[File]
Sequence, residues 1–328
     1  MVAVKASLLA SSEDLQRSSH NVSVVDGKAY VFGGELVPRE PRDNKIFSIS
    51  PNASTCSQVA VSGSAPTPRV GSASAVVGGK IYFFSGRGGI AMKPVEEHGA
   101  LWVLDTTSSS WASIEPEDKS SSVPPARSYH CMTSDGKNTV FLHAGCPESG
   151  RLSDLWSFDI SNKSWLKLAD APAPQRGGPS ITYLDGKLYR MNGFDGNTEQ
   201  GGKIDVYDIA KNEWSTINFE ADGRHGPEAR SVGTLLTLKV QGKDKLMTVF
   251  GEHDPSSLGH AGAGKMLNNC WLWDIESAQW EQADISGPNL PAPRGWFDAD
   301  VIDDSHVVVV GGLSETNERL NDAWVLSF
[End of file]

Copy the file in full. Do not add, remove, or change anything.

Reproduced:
Sequence, residues 1–328
     1  MVAVKASLLA SSEDLQRSSH NVSVVDGKAY VFGGELVPRE PRDNKIFSIS
    51  PNASTCSQVA VSGSAPTPRV GSASAVVGGK IYFFSGRGGI AMKPVEEHGA
   101  LWVLDTTSSS WASIEPEDKS SSVPPARSYH CMTSDGKNTV FLHAGCPESG
   151  RLSDLWSFDI SNKSWLKLAD APAPQRGGPS ITYLDGKLYR MNGFDGNTEQ
   201  GGKIDVYDIA KNEWSTINFE ADGRHGPEAR SVGTLLTLKV QGKDKLMTVF
   251  GEHDPSSLGH AGAGKMLNNC WLWDIESAQW EQADISGPNL PAPRGWFDAD
   301  VIDDSHVVVV GGLSETNERL NDAWVLSF